Harper Lee Shows Atticus Finch’s Racist Side in Go Set a Watchman, the Internet Reacts

Gregory Peck as Atticus Finch
Gregory Peck as Atticus Finch in the 1962 film adaptation of To Kill a Mockingbird. Silver Screen Collection/Hulton Archive/Getty Images

Say it isn't so! Atticus Finch, the hero of Harper Lee's classic 1960s novel To Kill a Mockingbird, has some disturbing character traits in the author's highly anticipated follow-up, Go Set a Watchman

The southern lawyer, who defended a black man in a rape trial in the original, quickly became a hero and role model to many who read the beloved novel. But in Go Set a Watchman, which is set several decades later, a 26-year-old Scout (now Jean Louise) returns home to Alabama and has to deal with the realization that her father and boyfriend are racists.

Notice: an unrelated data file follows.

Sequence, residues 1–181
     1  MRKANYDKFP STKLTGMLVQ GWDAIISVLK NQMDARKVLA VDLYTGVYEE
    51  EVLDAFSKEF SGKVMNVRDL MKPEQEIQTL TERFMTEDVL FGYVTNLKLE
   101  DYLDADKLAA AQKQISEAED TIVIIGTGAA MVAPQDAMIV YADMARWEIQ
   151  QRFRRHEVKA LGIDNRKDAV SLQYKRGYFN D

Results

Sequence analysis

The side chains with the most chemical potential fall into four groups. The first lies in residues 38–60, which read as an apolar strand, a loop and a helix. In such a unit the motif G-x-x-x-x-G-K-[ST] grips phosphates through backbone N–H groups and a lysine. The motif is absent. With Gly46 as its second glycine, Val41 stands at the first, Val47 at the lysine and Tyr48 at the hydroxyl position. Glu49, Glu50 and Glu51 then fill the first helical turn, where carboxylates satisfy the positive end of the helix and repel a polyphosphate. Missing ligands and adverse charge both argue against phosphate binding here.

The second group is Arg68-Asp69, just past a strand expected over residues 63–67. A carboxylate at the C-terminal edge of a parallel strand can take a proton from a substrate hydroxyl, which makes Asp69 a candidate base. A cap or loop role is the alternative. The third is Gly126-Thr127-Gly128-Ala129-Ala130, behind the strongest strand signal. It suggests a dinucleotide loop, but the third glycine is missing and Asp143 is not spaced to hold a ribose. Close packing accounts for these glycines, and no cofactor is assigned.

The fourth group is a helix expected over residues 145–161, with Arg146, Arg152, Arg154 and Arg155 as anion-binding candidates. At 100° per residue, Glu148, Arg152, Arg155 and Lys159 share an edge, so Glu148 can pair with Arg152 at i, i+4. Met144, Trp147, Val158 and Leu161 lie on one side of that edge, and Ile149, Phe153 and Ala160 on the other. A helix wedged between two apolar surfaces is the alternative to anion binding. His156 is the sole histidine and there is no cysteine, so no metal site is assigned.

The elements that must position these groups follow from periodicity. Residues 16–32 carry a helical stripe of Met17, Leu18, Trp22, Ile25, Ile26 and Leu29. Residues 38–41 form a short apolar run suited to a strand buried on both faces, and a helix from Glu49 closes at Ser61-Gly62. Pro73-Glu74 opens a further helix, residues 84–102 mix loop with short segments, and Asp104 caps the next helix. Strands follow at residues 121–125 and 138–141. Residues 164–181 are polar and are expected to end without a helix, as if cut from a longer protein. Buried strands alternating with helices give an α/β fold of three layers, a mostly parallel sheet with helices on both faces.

Atticus attends a Klan meeting and fights against segregation. He is quoted as saying, "The Negroes down here are still in their childhood as a people."

At one point he even asks his daughter, "Do you want Negroes by the carload in our schools and churches and theaters? Do you want them in our world?"

Naturally, fans of the original, and Atticus by extension, took to Twitter to express both their dismay and their apathy at the new character development. 

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